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Claire Kann on Oct. 23, 2016, 9:26 p.m. said:

Claire Kann

Thank you for reading and taking the time to voice your honest thoughts! Alice has a very intense aesthetic attraction to everything under the sun, but it is not sex-related whatsoever, and can be difficult to relate to. I think this is where some of the confusion stems from at the end in regards to Takumi. She's aesthetically attracted to him, not sexually attracted.

On the other hand, a lot of what you mentioned/took issue with has already been addressed during the editing process. Many, many changes are happening <3 Thanks again!

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T. on Oct. 21, 2016, 5:06 p.m. said:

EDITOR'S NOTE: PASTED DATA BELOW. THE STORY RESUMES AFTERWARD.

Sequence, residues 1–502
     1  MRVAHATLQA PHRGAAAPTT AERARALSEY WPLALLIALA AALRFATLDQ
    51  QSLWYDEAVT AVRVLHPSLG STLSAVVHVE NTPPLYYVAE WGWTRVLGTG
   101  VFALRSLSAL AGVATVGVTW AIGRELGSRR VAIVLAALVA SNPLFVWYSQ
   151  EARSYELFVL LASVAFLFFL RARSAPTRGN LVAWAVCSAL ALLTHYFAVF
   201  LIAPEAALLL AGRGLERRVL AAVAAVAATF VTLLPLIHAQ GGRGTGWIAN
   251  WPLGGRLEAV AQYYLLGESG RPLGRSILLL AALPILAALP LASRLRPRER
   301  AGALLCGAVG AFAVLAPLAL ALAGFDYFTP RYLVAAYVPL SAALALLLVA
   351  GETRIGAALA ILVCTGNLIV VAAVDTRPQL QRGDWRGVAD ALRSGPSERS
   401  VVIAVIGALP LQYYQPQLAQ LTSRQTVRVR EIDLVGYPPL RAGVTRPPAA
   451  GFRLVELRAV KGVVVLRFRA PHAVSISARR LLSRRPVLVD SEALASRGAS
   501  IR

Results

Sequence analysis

First, I'm really happy to read a contemporary story featuring an asexual protagonist! I really want more of these kinds of books, so thank you for writing one. :)

As far as suggestions, one thing I've noticed so far is that I don't feel like I know much about Alice. I might have missed it, but as far as I remember, we don't know anything about her family, or her hopes/dreams/aspirations--like, what's her major in college, and what does she want to do with it? I'm also a bit concerned about the setup of her relationship with Takumi (since I know from the synopsis that they're going to start dating)--her immediate, very strong physical attraction to him is something I, as an ace person, can't relate to, and since I read books about asexual characters because I want to read about people like me, it's somewhat disappointing to me that the book is going in this direction. I'm worried about the problematic trope of asexual characters meeting the one special person who they do feel attraction for, and I also just don't enjoy romance stories about relationships that are based on physical attraction. However, I know I really can't judge it yet since I don't know exactly where the story is going, or what Alice is going to do with her new feelings. So I'll read on to find out!